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Were the Crusades Anti-Semitic? | Vince Ryan | IgnatiusInsight.com
Popular historical works are frequent recipients of academic
sniping and snootiness. Envious of the broad readership of these works, certain
professional historians will usually dismiss these books outright--and often
rightfully so, for these histories are regularly riddled with errors. An even
bigger problem, however, is the widespread effect that these popular narratives
have on the historical consciousness of the reading public.
One popular error is the claim that the Jewish massacres
during the Crusades foreshadowed the Nazi Holocaust. Terry Jones and Alan
Ereira, the duo behind a widely viewed and wildly inaccurate A&E Crusades
documentary, hold that the Jewish pogroms witnessed the systematic persecution
and elimination of the Hebrew minority, much like the Holocaust of the
twentieth century. Arno Mayer makes explicit the connection hinted at by Jones
and Ereira: "There is no denying the striking homologies between the slaughter
of the Jews accompanying the original crusades and the extermination of the
Jews attendant on Operation Barbarossa."
In his controversial study, Constantine's Sword: The
Church and the Jews, James Carroll concurs
with such assessments, describing these attacks as "Europe's rehearsal for the
extermination of Jews that would not conform." However, the Carroll
interpretation adds a new twist, for the author sees the Crusades as inherently
anti-Semitic. The attacks upon the Jews were a natural outgrowth of the new
A Call to Arms
To assess the claims of these popular works, a closer
examination of the Jewish pogroms during the First Crusade is in order. At the
Council of Clermont in 1095, Urban II called for an armed expedition to the
East to aid fellow Christians and liberate Jerusalem, promising the remission
of sins for any participant. It is likely that the pope himself did not
anticipate the overwhelming response to his call. Crusading bands arose
throughout Christendom and many clerics took it upon themselves to preach the
crusade. The problem was that these unsanctioned recruiters would sometimes put
their own spin on the nature of the ensuing expedition, imbuing it with radical
elements that might have severe repercussions. In this case, radical preachers
contributed to the outbreak of the Rhineland pogroms.
The image of the Jew as Christ-killer was a staple of
popular belief long before the events of 1096, intermittently provoking violent
acts of "retribution" against Hebrew communities in Europe. When the call was
made for a crusade to free the Holy Land from Muslim rule, some Christians
wondered why they should not rid Europe of unbelievers before trekking east.
The Chronicle of Solomon bar Simson
captures this sentiment:
Now it came to pass that as they
passed through the towns where the Jews dwelled, they said to one another:
"Look now, we are going a long way to seek out the profane shrine and to avenge
ourselves on the Ishmaelites, when here, in our very midst, are the Jews--they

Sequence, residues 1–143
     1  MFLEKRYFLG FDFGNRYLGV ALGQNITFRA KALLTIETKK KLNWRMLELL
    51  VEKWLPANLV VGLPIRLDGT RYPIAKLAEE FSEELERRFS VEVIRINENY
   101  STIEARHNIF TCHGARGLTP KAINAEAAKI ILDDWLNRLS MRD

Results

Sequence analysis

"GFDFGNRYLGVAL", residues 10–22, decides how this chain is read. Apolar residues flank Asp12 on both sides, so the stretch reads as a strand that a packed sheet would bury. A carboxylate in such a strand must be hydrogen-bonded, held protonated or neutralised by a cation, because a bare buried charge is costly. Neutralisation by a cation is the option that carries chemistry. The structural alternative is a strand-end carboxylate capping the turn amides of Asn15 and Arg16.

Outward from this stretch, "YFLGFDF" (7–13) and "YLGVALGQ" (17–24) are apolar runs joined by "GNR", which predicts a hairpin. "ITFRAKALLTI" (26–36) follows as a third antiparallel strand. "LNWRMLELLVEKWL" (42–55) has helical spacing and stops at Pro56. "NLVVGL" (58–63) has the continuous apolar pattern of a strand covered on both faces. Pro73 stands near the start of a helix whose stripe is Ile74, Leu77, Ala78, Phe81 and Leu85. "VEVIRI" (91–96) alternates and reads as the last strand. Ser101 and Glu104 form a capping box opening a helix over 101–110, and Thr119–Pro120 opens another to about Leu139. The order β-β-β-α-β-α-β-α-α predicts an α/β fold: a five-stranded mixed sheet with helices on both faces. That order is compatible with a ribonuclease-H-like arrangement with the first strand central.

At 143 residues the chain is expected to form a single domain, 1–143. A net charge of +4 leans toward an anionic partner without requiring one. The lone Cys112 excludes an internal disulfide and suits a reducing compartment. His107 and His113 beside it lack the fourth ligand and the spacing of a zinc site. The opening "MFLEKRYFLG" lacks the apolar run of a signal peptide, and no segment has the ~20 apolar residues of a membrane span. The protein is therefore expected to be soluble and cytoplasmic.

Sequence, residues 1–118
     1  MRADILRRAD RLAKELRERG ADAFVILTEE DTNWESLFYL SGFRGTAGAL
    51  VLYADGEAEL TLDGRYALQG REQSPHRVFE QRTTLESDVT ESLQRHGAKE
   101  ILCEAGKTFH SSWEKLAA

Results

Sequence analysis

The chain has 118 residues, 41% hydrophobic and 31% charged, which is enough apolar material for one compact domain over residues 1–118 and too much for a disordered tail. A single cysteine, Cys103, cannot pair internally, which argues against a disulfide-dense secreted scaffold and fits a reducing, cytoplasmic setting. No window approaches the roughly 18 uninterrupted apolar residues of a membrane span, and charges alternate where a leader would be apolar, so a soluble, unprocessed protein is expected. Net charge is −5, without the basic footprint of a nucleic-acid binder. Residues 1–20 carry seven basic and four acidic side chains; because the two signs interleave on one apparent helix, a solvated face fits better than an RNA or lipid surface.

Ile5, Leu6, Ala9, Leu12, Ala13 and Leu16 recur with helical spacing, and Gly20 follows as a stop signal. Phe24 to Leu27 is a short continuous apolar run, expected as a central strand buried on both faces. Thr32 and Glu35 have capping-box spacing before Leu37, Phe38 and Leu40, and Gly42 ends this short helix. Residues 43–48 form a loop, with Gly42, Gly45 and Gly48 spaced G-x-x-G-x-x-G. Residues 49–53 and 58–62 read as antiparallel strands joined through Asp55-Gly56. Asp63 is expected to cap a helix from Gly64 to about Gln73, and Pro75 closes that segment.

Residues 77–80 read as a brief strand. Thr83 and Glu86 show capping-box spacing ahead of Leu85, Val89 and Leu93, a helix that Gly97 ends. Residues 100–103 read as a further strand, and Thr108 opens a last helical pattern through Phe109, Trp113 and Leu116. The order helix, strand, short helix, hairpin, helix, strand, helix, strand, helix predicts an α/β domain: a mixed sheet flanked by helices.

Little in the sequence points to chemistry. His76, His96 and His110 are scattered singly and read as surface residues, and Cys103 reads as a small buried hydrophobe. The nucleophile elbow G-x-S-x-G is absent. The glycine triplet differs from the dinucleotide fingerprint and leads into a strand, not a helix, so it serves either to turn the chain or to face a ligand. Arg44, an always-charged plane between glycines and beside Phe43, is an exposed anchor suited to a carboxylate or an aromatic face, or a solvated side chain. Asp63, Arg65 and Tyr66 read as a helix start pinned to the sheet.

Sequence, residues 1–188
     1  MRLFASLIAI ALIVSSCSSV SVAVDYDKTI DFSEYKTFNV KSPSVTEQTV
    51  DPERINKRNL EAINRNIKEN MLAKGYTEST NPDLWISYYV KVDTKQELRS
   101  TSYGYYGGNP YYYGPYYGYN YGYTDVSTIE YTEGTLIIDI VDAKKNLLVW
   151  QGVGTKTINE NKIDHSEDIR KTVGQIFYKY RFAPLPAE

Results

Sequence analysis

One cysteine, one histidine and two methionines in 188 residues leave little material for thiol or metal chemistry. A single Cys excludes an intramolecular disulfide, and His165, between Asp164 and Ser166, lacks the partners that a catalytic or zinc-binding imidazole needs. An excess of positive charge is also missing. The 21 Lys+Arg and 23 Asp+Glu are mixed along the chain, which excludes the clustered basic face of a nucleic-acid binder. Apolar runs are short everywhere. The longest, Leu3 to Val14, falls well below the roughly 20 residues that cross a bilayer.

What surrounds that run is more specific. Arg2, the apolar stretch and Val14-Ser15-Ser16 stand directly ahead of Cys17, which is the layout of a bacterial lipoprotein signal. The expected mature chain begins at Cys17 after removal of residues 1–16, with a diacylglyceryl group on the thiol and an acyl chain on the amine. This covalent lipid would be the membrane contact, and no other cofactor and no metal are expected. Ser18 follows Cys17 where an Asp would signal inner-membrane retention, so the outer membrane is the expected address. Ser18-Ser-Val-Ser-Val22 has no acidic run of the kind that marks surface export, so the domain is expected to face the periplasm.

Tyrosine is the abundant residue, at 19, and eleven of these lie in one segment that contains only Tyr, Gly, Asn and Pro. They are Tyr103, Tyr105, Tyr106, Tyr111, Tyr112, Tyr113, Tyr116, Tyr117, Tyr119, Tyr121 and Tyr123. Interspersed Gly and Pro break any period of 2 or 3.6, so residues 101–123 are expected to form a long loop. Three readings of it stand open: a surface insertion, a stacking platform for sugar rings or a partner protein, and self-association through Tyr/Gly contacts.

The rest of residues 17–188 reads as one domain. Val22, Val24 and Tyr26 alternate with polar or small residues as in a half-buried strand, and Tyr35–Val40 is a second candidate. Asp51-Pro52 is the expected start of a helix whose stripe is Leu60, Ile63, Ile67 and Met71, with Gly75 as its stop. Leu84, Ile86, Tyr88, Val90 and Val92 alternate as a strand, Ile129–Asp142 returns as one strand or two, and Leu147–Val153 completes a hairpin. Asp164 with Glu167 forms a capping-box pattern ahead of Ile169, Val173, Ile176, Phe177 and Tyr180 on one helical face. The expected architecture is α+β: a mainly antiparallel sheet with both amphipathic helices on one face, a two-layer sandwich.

whose forefathers murdered and crucified him for no reason. Let us avenge
ourselves on them . . . 
Inflammatory preaching, though, was not the sole seed that
produced the massacres. The pogroms were motivated by a combination of vendetta
and greed. Jewish communities were abundant in northern Germany. Financing a
crusading expedition could be a costly venture. The lure of Jewish riches was a
temptation for many of these would-be crusaders--but not only for those heading
to Palestine. The chronicles are quite explicit in emphasizing the complicity
of many burghers in the attacked cities. The Mainz Anonymous Chronicle recounts
how whenever the crusaders would arrive at a city "the local burghers would
harass us, for they were at one with them in their intention to destroy vine
and root all along their way to Jerusalem."  In fact, the assistance of the
burghers was critical to the slaughter of the Jews in Mainz, for they unlocked
the city gates for the crusaders.
Secular and ecclesiastical leaders had encouraged Jewish
migration to northern Germany during the tenth and eleventh centuries,
believing that they would enhance the economic prestige of their respective
cities. To entice them, lords and bishops often offered benefits such as a high
degree of self-rule. These privileges ignited the jealousy of the Christian
burghers, their financial competitors in the communities. The economic envy of
the burghers was undoubtedly augmented by the inflammatory rhetoric of the
anti-Jewish crusading bands.
Why Only in the Rhineland?
And yet, if this sort of anti-Semitic outlook was inherent
to the movement, as some argue, why did the pogroms occur only in the
Rhineland? In fact, the pogroms were not due to an intrinsic anti-Jewish
attitude among crusaders, but at least partly due to the breakdown in secular
authority in the region. The Investiture Contest of the 1070s had seriously
weakened royal authority in the region, while current aristocratic rebellion
further hampered the power of the German crown at the local level. The monarch